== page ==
A “Remember the Maine” display prominently featured on the second floor honors the U.S. battleship sunk in Havana Harbor in 1898. The collection includes an original 45-star American flag bearing the slogan that became a rally cry for the subsequent Spanish-American War. The display also includes pictures of the warship before and after her sinking. The remaining exhibit space on the second floor houses “Hunting Charlie: Finding the Enemy in the Vietnam War.” It presents a variety of original art and offers a point-couterpoint perspective by pairing North Vietnamese propaganda art with photos, Bill Mauldin cartoons, and reflections from U.S. combat veterans.
Hanging prominently in the center of a rectangular staircase leading to the third floor is a banner used during the 1986 commissioning ceremony of the attack submarine USS Chicago (SSN-721). Lining the stairway are a variety of Navy recruiting and propaganda posters, many from the era of the two world wars. Similar posters can be found scattered throughout the facility. A staff member later said that those on display are only a small portion of the museum and library’s large poster collection and that high-resolution reproductions of many of them are available for purchase.
The third floor holds additional rows of library books with a central information desk staffed at the time of this visit by a friendly and knowledgeable individual ready to answer questions and assist researchers. A large gallery space features “Faces of War: Documenting the Vietnam War from the Front Lines.” The exhibit presents a wide range of unique pictures and film taken by Army special-operations photographers during the conflict. The nearby Veterans Information Center offers a variety of resources related to issues affecting veterans and their families. The collection includes books, brochures, and pamphlets.
The library portion of the facility holds more than 53,000 books, with topics spanning a variety of time periods and U.S. military service branches. Members of the museum and library can check out books directly, while others can obtain materials through interlibrary loan. The general public can gain entry to the library by paying a nominal museum fee. The collection includes about 3,000 rare books available for viewing in-house as well as oral histories and archival materials. Among the library’s offerings of interest to naval devotees are 1960s and 1970s cruise books from the guided-missile cruiser USS Chicago (CG-11). A genealogy area is available to assist individuals in finding information on deceased family members who served in the military. An online library catalog available on the Pritzker website includes a wide variety of digital versions of exhibits and on-demand video and audio of past television broadcasts.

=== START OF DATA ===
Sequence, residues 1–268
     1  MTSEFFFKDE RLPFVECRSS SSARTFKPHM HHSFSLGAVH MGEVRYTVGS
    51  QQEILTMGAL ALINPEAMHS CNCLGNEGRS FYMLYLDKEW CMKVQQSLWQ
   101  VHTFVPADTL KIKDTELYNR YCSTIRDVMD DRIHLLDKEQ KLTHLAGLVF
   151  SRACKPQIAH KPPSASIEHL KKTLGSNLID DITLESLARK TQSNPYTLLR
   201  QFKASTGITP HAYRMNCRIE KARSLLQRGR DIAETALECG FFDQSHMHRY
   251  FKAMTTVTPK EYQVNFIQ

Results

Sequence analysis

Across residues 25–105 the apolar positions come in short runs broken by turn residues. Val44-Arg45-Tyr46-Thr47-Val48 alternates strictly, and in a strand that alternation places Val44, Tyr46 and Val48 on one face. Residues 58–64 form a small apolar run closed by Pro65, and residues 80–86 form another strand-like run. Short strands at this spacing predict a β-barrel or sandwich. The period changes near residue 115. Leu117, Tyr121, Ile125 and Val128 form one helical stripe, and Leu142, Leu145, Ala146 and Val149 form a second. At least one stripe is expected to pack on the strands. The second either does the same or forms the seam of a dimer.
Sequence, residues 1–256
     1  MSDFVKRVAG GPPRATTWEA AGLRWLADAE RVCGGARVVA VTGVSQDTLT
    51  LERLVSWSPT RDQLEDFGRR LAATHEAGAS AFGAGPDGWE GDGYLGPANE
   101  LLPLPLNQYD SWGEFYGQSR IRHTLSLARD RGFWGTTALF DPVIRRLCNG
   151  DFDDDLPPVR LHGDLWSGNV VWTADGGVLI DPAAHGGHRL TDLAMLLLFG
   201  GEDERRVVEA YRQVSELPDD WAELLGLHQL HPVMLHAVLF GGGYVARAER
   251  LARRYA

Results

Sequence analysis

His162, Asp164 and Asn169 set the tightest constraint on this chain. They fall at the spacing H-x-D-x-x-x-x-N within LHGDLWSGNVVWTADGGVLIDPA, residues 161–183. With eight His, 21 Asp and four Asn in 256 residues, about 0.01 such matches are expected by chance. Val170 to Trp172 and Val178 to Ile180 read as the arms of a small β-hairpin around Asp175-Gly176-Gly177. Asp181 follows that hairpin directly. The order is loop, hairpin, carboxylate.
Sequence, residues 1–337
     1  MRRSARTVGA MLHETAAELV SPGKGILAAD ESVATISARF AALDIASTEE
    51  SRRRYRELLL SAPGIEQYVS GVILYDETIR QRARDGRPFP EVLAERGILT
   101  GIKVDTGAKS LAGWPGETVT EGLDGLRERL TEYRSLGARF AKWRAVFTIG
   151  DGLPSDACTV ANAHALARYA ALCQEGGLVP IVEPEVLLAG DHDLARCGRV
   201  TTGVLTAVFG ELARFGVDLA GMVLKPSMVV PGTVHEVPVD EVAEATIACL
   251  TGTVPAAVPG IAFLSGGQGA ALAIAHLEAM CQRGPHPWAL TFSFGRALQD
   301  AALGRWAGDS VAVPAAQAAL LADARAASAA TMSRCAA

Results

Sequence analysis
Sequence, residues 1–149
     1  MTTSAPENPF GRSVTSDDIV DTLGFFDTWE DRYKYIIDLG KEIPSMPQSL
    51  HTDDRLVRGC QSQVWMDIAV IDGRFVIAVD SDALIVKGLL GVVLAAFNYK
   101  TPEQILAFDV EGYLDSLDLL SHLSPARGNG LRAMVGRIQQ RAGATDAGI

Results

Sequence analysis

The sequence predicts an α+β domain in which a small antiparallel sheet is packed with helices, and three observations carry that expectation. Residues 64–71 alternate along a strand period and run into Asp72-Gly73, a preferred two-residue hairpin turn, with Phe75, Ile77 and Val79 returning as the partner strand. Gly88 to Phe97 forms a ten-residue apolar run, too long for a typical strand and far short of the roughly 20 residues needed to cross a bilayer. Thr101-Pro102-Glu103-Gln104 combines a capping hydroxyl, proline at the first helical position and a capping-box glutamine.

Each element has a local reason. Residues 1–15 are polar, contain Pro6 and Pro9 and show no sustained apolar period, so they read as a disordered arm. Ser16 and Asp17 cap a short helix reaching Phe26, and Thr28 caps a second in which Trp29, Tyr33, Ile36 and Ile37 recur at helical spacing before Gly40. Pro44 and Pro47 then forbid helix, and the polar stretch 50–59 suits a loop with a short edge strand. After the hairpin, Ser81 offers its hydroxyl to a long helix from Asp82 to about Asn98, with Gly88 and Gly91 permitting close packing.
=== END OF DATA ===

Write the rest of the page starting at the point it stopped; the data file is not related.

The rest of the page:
The rear portion of the facility houses a two-story state-of-the-art theater and television studio. The museum regularly hosts speakers including authors, scholars, and historians for later broadcast on local public television and podcast. The Pritzker Military Museum & Library is an interesting and informative stop when visiting downtown Chicago.
Mr. Domagalski is the author of Into the Dark Water: The Story of Three Officers and PT-109 (Casemate, 2014) and Sunk in Kula Gulf: The Final Voyage of the U.S.S. Helena and the Incredible Story of Her Survivors (Potomac, 2012).
The Guiding Light
By Captain John Allen Williams, U.S. Naval Reserve (Retired)
Under Colonel Jennifer N. Pritzker’s leadership, the Pritzker Military Museum & Library she founded has become a major educational and cultural institution. Less well known is her own distinguished record of military service and support of worthwhile causes, both military and nonmilitary.
Colonel Pritzker spent the first five years of her 27 years of active and reserve military duty in the enlisted ranks of the U.S. Army, rising to sergeant. She was in the 82nd and 101st airborne divisions and the VII Corps in Germany, commanded an infantry company, and served in various critical staff positions in the Illinois National Guard. She retired at the rank of lieutenant colonel, with an honorary promotion to colonel in the Illinois National Guard in recognition of her distinguished service. Her personal awards include the Meritorious Service Medal and the Army Commendation and Achievement medals with Oak Leaf Clusters. She also earned the U.S. Army Parachutist and Air Assault badges and parachute badges from six other nations.